Stafford was raised in rural West Africa as the son of Baptist missionaries in Nielle, Côte d'Ivoire. As a child, Stafford witnessed the hardships of poverty firsthand as he watched many of his childhood friends die of easily treatable diseases. After visiting a grocery store full of food and a pharmacy filled with medicine he cried about the seemingly callous American public, adorned with fancy watches and expensive shoes, unaware of his village's poverty. He later recognized that, while Americans were in fact very generous and caring, they only acted on causes which they were aware of. He eventually found Compassion International and decided to join in order to help bridge the gap between the American public and those in poverty.
Between the ages of 6 and 10, Stafford attended a missionary boarding school for nine months of the year. During his time there, Stafford suffered from physical, emotional, sexual and spiritual abuse. He recounts his story in his book Too Small to Ignore.
An outdoorsman and family man, Stafford lives on a small ranch near Colorado Springs, CO, with his wife, Donna, whom he married in 1979, and who was already involved in Compassion’s ministry as a child sponsor prior to meeting him. The Staffords have two daughters, Jenny and Katie.
Stafford attended high school in Jerome, AZ, while his parents worked at the Indian Bible Academy to train Navajo pastors in Cottonwood, AZ. During his senior year, the family moved to Illinois where Stafford graduated from Wheaton Academy in 1967.
Stafford has earned degrees from Moody Bible Institute (Broadcast Communications, 1970), Biola University (Bachelor of Arts, Communications, 1975), and Wheaton College (Master of Arts, International Broadcasting, 1977), as well as a Ph.D. from Michigan State University (Doctor of Philosophy in Education, 1986).
In addition, he was awarded honorary doctorate degrees from Biola University (Laws) in 2003, Colorado Christian University (Humanities) in 2005, and Asbury University (Laws) in 2010.
Following his graduation from Moody Bible Institute in 1970, Stafford was drafted into the Army. His draft number was 21, so while he waited to see if he would be chosen to serve, he drove an ambulance in Chicago. Then fluent in English, French, Senari, Jula, Spanish, Czech, German, and Creole, Stafford served four years in the U.S. Army security agency as a Czechoslovakian linguist.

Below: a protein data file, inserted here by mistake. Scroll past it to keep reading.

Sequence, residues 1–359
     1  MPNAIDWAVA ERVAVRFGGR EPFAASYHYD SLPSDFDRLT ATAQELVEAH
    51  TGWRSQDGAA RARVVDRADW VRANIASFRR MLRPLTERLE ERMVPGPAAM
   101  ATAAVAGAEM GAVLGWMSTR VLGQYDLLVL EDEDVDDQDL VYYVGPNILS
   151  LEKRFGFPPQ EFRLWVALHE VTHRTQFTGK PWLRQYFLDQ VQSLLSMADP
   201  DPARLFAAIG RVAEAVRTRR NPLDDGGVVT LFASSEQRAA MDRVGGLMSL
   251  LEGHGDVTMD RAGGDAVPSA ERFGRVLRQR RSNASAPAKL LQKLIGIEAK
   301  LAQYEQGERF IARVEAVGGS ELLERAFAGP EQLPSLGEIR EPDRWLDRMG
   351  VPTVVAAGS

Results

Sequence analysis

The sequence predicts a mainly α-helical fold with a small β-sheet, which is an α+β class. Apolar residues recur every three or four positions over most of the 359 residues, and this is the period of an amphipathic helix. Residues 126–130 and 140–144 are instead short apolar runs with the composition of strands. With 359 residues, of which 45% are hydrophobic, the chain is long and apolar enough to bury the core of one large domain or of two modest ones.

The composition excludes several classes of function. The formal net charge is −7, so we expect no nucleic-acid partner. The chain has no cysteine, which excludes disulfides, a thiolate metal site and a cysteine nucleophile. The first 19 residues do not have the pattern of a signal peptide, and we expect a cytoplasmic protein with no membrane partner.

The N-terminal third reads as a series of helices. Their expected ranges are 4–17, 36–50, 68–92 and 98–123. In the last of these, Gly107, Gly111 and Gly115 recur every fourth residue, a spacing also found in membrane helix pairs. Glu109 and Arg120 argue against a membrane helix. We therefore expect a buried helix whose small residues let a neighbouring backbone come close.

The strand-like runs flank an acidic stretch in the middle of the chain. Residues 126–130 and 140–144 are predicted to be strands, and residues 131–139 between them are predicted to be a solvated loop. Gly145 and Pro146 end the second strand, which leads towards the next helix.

After his military service, Stafford worked for a number of relief and development agencies in Haiti until he joined the staff of Compassion International in 1977 and has worked with the ministry, both overseas and at its Global Ministry Center, for more than 30 years. He has served as president and CEO since 1993.
In 1993, soon after becoming president, Stafford experienced what he calls his “Prairie Vision” which led to the revision of Compassion’s mission statement and changed the focus of the organization to become advocates for children in poverty.
As Compassion’s president and CEO, Stafford developed programs that have extended the organization’s focus beyond child sponsorship. He led the launch of the Leadership Development Program and student Alumni Associations in 2010, both of which started in the Philippines. Students around the world now call Stafford “Papa Wess.” The launch of the Child Survival Program took place under his leadership as well, in Haiti, Peru, India and Ecuador in 2003.
Stafford desires that his legacy be one of passionate advocacy for children and devotes time speaking about, writing about and championing his belief that every child is precious.
“The spirit of a little child is a lot like wet cement. When a child is young it takes little effort to make an impression that can last a lifetime.”
“In the heart of a child, one moment … can last forever.”
He currently serves on the Board of Directors for the National Religious Broadcasters.
Stafford says his passion for advocating for children, especially those in poverty, was born out of his childhood in West Africa, his loving relationship with his parents, and his personal experience with abuse.
As a child, he accompanied his father, Kenneth, on trips to bring the gospel to neighboring villages. As an adult, Stafford maintained a close relationship with his father, viewing him as a mentor. Ken worked closely with Stafford as the chaplain at Compassion’s Global Ministry Center until retiring in 2001.
Stafford believes that the most strategic way to break the cycle of poverty is by investing holistically in children, meeting their physical, spiritual, socioeconomic and vocational needs to give them a hope and a future.